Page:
Each wing is about 15" in length.  Overall height is approximately 22". 

Collection of Carolyn Johnson. 



I really enjoyed making this piece.  The Ross blade is made of art glass from West Virginia, the same material that the "sun" above is made from.  I sculpted the uprights to echo the curves of the Ross blade.  I also wanted them to suggest the ends of a bow.  The cordage, suggestive of a bowstring, was hand-made from the inner bark of a basswood tree. 

Length of Ross blade: about 6".  Overall height:  about 10". 

Collection of Carolyn Johnson. 

This piece was my first attempt to blend knapping and contemporary art forms.  As I knapped this replica of a Mississippian dance sword, I kept thinking about all the waste flakes that piled up at my feet.  Thousands and thousands of flakes, all subtly different.  Every one of them possessing a unique beauty in their own right, even though they were considered "waste."  I decided to let them tell their story, to let them show how integral they were in the birth of the blade.  Here in this sculpture, they look as though they have arranged themselves in a pile, drawn themselves up, and are presenting their offspring to the viewer.  The flakes are the parents:  the blade is the gifted child.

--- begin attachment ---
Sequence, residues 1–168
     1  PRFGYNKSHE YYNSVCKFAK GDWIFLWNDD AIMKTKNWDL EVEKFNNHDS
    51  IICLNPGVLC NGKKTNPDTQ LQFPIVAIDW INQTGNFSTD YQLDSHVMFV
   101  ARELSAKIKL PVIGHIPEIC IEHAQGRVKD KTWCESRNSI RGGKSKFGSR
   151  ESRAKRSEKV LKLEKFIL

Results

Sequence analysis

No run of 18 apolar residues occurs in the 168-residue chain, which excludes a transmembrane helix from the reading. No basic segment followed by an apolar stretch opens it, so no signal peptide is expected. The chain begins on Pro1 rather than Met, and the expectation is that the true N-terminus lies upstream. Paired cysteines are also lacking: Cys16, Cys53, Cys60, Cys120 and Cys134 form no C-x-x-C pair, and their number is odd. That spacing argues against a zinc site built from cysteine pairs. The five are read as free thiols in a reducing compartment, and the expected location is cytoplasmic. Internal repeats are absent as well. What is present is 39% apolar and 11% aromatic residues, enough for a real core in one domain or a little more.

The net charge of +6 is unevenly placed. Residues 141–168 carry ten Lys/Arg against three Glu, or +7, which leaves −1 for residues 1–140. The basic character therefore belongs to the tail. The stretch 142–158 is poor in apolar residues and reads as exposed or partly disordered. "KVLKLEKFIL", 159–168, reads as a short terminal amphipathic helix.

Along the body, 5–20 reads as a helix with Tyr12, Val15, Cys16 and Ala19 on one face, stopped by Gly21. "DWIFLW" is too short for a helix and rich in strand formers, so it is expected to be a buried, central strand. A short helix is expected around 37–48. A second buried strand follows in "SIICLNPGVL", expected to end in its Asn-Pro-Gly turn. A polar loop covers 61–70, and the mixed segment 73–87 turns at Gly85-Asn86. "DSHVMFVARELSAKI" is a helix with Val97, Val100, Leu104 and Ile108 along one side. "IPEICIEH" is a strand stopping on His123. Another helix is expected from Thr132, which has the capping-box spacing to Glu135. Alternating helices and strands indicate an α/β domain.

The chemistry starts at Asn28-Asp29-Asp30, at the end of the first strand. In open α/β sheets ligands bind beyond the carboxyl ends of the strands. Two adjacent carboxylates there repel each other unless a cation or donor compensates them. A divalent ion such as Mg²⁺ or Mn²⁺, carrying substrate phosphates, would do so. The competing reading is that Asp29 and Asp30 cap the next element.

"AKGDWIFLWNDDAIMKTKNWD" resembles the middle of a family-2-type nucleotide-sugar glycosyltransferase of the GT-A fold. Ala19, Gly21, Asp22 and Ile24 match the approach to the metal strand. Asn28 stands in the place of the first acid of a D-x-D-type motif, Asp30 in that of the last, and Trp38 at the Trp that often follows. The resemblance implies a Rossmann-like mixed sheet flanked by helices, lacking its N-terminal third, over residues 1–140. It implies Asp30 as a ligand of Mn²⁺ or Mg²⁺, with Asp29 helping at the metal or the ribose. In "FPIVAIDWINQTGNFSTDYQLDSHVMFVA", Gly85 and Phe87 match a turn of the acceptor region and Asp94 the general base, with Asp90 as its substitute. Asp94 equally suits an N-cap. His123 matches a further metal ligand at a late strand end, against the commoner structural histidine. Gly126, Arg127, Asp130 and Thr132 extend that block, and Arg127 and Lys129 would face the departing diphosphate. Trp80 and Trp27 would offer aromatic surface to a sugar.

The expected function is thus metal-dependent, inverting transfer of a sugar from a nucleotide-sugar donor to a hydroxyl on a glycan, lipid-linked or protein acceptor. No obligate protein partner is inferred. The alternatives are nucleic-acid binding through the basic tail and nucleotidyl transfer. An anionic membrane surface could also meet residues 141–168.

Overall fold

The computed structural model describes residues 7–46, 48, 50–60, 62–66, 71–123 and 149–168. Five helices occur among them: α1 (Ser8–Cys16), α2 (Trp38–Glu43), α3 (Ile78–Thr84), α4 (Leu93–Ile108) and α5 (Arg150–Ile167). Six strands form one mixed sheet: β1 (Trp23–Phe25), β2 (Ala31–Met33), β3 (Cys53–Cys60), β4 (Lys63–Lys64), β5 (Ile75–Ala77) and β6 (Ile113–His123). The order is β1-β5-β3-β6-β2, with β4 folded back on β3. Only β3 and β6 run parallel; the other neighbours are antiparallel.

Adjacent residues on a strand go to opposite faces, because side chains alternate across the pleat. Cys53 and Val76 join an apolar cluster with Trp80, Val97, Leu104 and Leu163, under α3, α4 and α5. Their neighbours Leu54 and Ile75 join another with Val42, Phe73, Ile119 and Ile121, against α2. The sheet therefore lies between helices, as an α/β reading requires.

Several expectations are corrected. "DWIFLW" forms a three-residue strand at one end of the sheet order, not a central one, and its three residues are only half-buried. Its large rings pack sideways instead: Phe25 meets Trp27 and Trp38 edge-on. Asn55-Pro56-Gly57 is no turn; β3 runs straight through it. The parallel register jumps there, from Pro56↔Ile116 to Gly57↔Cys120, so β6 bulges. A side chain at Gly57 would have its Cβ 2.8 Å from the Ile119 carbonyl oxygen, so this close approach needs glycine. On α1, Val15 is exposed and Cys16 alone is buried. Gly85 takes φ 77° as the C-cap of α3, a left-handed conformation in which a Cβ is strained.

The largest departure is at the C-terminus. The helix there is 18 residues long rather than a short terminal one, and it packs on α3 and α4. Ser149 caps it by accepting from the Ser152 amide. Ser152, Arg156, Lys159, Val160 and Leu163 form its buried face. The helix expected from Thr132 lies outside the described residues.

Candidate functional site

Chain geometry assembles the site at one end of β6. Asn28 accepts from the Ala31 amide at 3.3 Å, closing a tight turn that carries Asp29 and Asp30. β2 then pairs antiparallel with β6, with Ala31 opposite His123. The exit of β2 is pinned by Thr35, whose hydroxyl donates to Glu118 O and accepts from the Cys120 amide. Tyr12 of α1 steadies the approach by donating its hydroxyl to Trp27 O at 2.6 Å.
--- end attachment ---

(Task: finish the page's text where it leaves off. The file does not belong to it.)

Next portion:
Rootbeer chert from Texas is the material.

Blade length, 12".  Overall height, 14". 

Collection of Carolyn Johnson.





This may be the most technically difficult piece I've ever knapped.  The hand is based on my own hand (but slightly oversized), including the bent little finger.  The first hurdle was driving long flakes across the palm and the back of the hand to thin the piece.  They had to be smooth with clean terminations while covering an area over five inches wide. Then came the notches between the fingers.  The notches were done with punching, which is usually a straightforward process.  Of couse, the hand required four notches, all deep, and all demanding precise contours to match my fingers.  This required a balancing act:  I had to get the hand thin enough to drive in the deep notches while keeping it thick enough to resist breaking under the stress of notching.  There were two failures.  This was the success.

All over the world, there are walls in caves and canyons where our ancestors slathered red ochre on their hands and pressed them against the stone.  Even today, great sumo wrestlers paint their huge hands red and make imprints on rice paper for their fans.  These handprints were the inspiration to knap my own open hand.

I submitted the piece to a juried art competition.  The show's theme had to do with the qualities of light:  how light can be focused and illuminating.  That led me to the thought of the cordage web with the central opening...  The web needed support and out came the semi-pseudo-oriental-ish frame...  Long story short, the piece wasn't selected for the show. 


Here in my house, when the sun's on its way down, the light slants through the window and backlights the hand.  That open hole in the palm blazes like the eye of God and throws fire across the walls.  I love it.